What do you call it when a region loses a quarter of its young people in a decade?
If you’re an organization that represents young professionals in that region, you might as well call it an existential crisis.
That’s why Cape Cod Young Professionals, the regional advocacy and networking group for workers aged 25-44, has commissioned Northeastern’s Dukakis Center for Urban and Regional Policy to conduct a broad survey of both current residents and those who have left the Cape, seeking to figure out just how to keep young people around. The results are in and will be unveiled at a June 18 breakfast for CCYP members.
The region has been leaking young workers since 2000, experiencing a 26 percent drop in its 25-44 population between the 2000 and 2010 censuses. In the same time period, the number of 80-year-olds on the peninsula grew by 20 percent. A Cape Cod Times article, published in 2011, said business and civic leaders have been worried about the outflow since at least 2007. And some efforts to retain and recruit young workers on Cape Cod have already come and gone to varying degrees of success.
But CCYP executive director Anne Van Vleck says the Dukakis report will represent the richest attempt yet to dig into the mindset of the population in question. “This is the first time we are getting real, first-person data from the 24-to-44 age group,” she tells Boston.com.
There have been plenty of theories as to the reason for the exodus. Many people point to the cost of living, boosted by second home owners who vacate their houses most of the year. However, while some towns are priced out of this world, the Cape’s real estate market is generally cheaper compared to Boston, which has no trouble attracting young workers. A dearth of year-round, professional-level jobs and a lack of big business mean there aren’t a lot of opportunities for career advancement. Fears of a quiet offseason—seriously, have you been to Provincetown in the winter?—come up frequently as well.
Talking to young people who have both stuck around and left, the challenges seem to be a mix of all those factors. Devin Miller, 25, is an Allston resident who grew up in Barnstable. He acknowledges that he could possibly find cheaper housing on the Cape, but doubts he’d be able to find a job that would pay enough to come out in a better position. He currently works at an Apple store. “In Boston, (living) is a bit more expensive, but the pay evens it out,” he says.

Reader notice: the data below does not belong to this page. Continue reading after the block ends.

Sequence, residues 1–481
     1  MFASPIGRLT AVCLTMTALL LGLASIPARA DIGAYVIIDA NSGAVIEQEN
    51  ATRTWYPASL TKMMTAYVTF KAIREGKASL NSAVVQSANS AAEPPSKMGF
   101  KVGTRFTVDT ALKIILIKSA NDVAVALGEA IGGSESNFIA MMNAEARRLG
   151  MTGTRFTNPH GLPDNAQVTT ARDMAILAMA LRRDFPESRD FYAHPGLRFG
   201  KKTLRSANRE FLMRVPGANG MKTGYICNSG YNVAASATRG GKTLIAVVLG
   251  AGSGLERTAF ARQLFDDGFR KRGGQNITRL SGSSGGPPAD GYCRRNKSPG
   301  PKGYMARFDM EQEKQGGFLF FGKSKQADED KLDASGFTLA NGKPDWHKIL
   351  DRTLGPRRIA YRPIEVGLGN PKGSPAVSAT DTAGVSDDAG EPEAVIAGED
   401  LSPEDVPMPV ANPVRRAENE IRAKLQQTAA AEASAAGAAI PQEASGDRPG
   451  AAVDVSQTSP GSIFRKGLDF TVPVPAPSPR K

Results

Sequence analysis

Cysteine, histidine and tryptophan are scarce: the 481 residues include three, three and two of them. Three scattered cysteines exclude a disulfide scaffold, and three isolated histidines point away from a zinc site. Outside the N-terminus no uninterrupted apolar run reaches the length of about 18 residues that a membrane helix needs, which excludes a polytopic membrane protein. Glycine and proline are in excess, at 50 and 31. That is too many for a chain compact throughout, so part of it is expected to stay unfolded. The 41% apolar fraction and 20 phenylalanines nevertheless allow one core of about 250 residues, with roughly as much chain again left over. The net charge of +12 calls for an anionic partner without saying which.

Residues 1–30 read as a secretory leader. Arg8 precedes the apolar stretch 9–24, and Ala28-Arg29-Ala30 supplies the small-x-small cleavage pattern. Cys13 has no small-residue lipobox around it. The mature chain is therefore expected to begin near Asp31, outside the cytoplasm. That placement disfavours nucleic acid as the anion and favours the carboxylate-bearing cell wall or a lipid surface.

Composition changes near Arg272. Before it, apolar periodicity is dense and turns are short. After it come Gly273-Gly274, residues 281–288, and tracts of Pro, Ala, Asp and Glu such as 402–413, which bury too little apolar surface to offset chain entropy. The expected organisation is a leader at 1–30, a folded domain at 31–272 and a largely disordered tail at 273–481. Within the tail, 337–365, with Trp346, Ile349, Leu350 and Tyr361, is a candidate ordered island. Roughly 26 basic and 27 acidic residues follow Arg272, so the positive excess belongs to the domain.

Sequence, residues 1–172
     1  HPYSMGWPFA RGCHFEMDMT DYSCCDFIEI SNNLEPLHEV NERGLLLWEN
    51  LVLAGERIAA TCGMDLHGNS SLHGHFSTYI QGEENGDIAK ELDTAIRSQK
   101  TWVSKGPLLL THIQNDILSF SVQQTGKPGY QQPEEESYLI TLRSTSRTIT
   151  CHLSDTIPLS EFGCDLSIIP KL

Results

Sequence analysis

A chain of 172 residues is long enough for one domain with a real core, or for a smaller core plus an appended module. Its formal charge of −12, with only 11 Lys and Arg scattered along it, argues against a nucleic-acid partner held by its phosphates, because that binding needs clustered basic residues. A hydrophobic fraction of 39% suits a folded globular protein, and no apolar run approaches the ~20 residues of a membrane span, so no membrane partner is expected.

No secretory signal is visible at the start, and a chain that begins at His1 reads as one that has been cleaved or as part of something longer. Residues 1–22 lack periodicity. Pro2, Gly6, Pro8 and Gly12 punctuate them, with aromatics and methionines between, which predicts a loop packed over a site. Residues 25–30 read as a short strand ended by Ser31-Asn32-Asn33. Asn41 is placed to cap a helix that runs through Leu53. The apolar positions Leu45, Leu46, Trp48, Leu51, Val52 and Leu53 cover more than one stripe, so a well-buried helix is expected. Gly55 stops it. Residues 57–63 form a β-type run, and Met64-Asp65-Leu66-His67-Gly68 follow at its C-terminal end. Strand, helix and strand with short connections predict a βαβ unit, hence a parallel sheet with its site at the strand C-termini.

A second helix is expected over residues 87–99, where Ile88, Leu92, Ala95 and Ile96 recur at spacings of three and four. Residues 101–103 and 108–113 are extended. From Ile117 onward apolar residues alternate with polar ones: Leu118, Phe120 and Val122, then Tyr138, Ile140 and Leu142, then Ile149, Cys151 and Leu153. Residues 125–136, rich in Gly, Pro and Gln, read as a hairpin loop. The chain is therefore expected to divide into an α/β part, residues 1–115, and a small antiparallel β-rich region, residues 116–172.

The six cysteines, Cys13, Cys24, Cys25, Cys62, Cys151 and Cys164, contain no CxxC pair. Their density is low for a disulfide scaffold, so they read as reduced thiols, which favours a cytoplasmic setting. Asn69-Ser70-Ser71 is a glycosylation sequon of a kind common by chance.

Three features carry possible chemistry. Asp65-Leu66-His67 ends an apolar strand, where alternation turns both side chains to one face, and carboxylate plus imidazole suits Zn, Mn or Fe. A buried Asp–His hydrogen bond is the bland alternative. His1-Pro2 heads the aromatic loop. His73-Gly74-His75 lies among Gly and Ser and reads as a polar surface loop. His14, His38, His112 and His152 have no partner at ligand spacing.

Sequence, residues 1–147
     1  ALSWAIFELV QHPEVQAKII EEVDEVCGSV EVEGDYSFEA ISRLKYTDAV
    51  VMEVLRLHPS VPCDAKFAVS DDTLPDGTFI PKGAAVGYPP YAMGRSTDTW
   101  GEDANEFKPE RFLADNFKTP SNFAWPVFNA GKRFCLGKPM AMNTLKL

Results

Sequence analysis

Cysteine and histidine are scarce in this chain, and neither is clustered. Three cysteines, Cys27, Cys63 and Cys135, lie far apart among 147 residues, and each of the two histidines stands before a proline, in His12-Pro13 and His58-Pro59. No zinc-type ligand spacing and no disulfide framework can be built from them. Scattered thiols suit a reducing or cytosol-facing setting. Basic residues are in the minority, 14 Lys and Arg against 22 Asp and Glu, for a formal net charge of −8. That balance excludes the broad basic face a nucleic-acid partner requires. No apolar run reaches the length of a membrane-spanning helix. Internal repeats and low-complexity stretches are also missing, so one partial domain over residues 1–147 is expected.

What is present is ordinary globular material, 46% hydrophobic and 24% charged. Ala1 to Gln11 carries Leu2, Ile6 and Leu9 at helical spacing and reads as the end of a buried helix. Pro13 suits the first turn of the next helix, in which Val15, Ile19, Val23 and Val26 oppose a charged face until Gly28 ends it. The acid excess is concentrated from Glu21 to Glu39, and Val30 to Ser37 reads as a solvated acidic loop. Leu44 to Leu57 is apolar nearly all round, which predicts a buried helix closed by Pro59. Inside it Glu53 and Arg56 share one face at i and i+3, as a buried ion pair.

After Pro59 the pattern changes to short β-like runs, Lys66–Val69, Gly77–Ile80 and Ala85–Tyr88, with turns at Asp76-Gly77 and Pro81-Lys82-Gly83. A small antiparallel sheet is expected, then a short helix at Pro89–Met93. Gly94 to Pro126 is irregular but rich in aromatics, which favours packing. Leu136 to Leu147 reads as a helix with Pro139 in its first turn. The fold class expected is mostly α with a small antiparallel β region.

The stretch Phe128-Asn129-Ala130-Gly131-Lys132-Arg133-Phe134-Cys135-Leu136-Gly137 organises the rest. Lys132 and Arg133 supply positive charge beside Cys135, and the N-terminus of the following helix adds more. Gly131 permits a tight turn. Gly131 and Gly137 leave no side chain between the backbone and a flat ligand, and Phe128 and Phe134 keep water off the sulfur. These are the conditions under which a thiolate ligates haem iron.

Zoe Wolf, 24, helps run a program called Plain Talk, which hosts events for teens and tries to help understand what it means to be a young person on the Cape. She says the high school youth she has interacted with points to career opportunities when it comes to talking about whether they’ll stick around. Wolf herself says she works a number of part-time jobs, including her work with Plain Talk, due to the lack of full-time opportunities outside of peak season.
Experiences like Miller’s and Wolf’s, Van Vleck says, should be a part of the conversation.
“People say there aren’t jobs,” she says. “Well, maybe there are jobs, but are they paying a living wage?”
While CCYP won’t unveil the findings before June 18, Van Vleck says encouraging companies to look further down the road by thinking of their own succession plans, and finding ways to further encourage entrepreneurship, might help.
However, CCYP doesn’t think solutions will come by trying to mimic urban centers. “We’re not looking to change the Cape,” she says. “It’s about making things ideal for (young professionals) who do choose the Cape.”
While that sounds more like a way to retain young people already there, Falmouth resident Damien Palanza thinks making sure the Cape keeps its distinctive character can also serve to recruit. Palenza, 36, runs The Real Cape, a blog that provides Cape Cod news and opinion for a younger audience, and says he and many both his age and older think the region should embrace its vacation-land character, and find ways to build upon it further. His theory: Making the region more fun to visit will ultimately make people think it might be fun to live there, too.